British bank Lloyds soars back into profit

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Britain's state-rescued Lloyds Banking Group bounced back into profit in the first half of the year, it said Wednesday, sparking hope that the government will eventually make a gain on its stake.

Pre-tax profit hit 1.6 billion pounds (1.9 billion euros, 2.5 billion dollars) in the six months to the end of June, which compared with a loss of 4.0 billion pounds in the same part of 2009, it said in a results statement.

Loan impairments, or bad debts, narrowed sharply to 6.55 billion pounds compared with 13.4 billion last time around.

The bumper results beat market expectations for pre-tax profit of 858 million pounds and impairments of 6.73 billion, according to Dow Jones Newswires.

"The first half of 2010 was a significant milestone for Lloyds Banking Group as the group returned to profit," said chief executive Eric Daniels in the earnings release.

"Despite the challenging economic environment, the core businesses performed strongly and we continued to see positive momentum.

"Given the business model we have established, coupled with the gradual recovery in economic growth in the UK, we continue to believe that the group is well positioned to deliver a strong financial performance over the coming years."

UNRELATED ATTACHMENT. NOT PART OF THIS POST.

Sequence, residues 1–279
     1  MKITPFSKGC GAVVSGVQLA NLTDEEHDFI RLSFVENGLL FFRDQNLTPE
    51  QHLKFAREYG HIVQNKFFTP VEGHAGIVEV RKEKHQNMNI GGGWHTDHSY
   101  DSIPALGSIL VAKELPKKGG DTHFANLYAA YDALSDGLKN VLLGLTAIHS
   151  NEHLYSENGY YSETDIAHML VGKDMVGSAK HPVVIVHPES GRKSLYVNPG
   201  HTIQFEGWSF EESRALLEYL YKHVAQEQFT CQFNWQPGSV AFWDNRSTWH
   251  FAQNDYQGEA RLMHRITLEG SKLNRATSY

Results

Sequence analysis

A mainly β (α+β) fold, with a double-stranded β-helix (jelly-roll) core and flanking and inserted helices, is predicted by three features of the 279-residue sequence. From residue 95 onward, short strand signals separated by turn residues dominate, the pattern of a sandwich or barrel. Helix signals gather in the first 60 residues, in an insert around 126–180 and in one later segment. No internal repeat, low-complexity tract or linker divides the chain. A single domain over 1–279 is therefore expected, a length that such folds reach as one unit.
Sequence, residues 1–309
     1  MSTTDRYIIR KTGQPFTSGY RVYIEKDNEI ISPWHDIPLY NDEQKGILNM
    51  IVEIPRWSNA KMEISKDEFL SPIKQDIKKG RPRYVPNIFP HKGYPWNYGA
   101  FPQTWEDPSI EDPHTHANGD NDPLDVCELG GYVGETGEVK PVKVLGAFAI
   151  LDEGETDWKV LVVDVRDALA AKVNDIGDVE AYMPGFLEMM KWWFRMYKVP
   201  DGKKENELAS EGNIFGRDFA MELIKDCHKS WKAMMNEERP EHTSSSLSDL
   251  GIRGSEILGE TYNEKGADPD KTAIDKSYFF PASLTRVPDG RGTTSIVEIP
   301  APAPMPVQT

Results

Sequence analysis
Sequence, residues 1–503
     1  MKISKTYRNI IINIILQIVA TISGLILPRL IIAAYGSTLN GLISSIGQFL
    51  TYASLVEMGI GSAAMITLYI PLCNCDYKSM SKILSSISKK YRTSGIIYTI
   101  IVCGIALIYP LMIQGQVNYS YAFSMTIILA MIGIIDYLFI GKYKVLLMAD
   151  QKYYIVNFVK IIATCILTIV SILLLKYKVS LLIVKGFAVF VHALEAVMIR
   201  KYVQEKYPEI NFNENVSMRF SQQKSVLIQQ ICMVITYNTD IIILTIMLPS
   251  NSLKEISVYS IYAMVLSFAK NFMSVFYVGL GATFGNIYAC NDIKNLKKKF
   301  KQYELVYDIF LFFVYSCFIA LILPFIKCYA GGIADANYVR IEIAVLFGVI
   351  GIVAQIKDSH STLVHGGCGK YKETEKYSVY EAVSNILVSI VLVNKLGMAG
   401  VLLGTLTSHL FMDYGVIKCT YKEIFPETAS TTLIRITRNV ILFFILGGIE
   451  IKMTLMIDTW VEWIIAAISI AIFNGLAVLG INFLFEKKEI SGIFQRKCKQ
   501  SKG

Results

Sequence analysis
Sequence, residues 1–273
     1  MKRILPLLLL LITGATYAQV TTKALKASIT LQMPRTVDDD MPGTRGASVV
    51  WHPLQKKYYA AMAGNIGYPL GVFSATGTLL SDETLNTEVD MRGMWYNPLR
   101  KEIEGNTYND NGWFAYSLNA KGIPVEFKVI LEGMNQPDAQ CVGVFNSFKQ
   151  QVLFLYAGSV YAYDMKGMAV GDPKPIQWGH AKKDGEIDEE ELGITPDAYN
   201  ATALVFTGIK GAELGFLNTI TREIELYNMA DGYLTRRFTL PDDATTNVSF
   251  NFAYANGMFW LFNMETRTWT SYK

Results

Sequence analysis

Lloyds Banking Group (LBG) is 41-percent owned by the British government after a massive state bailout at the height of the global financial crisis.

The group was hobbled by its 2008 government-brokered takeover of Halifax Bank of Scotland (HBOS), which was saddled with high-risk investments in the property sector.

The pre-tax profit figure strips out the cost of HBOS integration and other one-off items.

Investors applauded the first-half numbers, sending Lloyds' share price 2.95 percent higher to 74.04 pence in midday deals on the London stock market, which was down 1.19 percent.

News of the first-half profits prompted speculation that the government would eventually make a healthy profit from its holding, according to Richard Hunter, head of equities at Hargreaves Lansdown Stockbrokers.

"Whilst the government stake continues to overhang the shares, there is nonetheless a theoretical paper profit, after the (share) price has exceeded the quoted break-even price of 63 pence," Hunter said.

Lloyds added on Wednesday that net profits plunged to 596 million pounds in the first half of 2010, compared with 7.15 billion pounds last year. The sharp drop was largely owing to an 11.2-billion-pound gain following the purchase of HBOS before the takeover turned sour.

The lender had already stated in April that it expected to return to profit in the first three months of 2010.

On Friday, part-nationalised Royal Bank of Scotland is also expected to report a return to profitability in the first half of 2010. RBS is 83-percent state-owned after receiving an even larger bailout.

© 2010 AFP

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